Miami Tribe of Oklahoma

Mailing Address

P.O. Box 1326
Miami, OK 74355

Contact Information




Cultural History

The Miami Tribe of Oklahoma's history is diverse in the sense that there have been many authors who contributed part in their history. The history that is most widely known, though, is their history which begins from the Jesuit Missionaries in the late sixteenth century. The Jesuit Missionaries were followed by the other intruders, like the government agents, historians and linguists. 

The Miami Tribe of Oklahoma is known to themselves in their language as the myaamia which means the downstream people. Their name today is more popularly pronounced as Miami which has been the derivation of their traditional name. The tribe is a federally recognized Sovereign Nation and is acknowledged as the Miami Tribe of Oklahoma. The tribe originally hailed from the Great Lakes Region. In their territory in the Great Lakes Region, they are bordered by the states of Ohio, Indiana, Illinois, lower Michigan and lower Wisconsin. The tribe is one of those Indian tribes who were exposed in the diversity of culture upon their contact with the Europeans. The first contact happened in the late sixteenth century which was then immediately followed by the French and the British invasion. The struggle for the power over the Great Lakes region spurred. 

When the treaty-making period of the government started in the seventeenth century, it proved to be a devastating act for the Indians. The most devastating perhaps is the ceding of the lands of the Native during the Greenville Treaty of 1795. It was President Andrew Jackson who first spelled out the predicament for the Indians when he signed the Indian Removal Act of 1830. Another treaty, known as the Treaty of 1840 also called for the cession of the tribes that also led to their migration to the areas beyond the Mississippi. Devastating movements succeeded when the ancestors were forcefully put into gunpoint onto the canal boats to the journey leading to the Erie Canal up to the Ohio River. The rest of the tribes were put into steam boats. Upon the arrival at the new Indian Territory, the population of the tribe diminished to only one hundred adults.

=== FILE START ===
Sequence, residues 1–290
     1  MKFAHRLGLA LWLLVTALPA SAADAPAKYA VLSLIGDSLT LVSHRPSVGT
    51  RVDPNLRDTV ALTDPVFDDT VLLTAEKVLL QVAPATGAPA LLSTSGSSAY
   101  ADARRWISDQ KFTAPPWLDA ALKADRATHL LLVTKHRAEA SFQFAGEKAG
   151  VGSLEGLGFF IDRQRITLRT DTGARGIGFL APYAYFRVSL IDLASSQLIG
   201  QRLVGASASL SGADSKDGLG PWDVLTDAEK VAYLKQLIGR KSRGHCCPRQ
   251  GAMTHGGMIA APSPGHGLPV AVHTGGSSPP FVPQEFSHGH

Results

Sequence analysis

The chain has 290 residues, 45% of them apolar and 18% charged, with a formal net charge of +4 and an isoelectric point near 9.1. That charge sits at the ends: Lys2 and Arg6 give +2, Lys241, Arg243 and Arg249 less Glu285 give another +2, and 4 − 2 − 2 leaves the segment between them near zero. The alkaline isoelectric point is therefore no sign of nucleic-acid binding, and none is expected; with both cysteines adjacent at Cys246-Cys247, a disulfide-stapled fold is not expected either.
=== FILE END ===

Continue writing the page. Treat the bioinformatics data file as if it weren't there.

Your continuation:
The first formal constitution of the tribe was adopted in accordance with the Oklahoma Indian Welfare Act of 1936. It was also in the same year that the tribe was federally recognized as a Native American Tribe. The tribe was formally organized with the Chief as the head of the nation, the Second Chief to assist the head, the Secretary-Treasurer and two Councilmen who are collectively known as the Tribal Business Committee. The Tribal Business Community is in charge of the welfare of the tribe, its economic progression and its social affairs.

The Miami Tribe of Oklahoma today has more than 3,300 registered members. They are mostly engaged in business enterprises as well as special programs and education. The Myaamia Project at the Miami University, The Myaamia Foundation, The Myaamia Heritage Museum & Archive and the Stables Casino are some of the major projects of the tribe.

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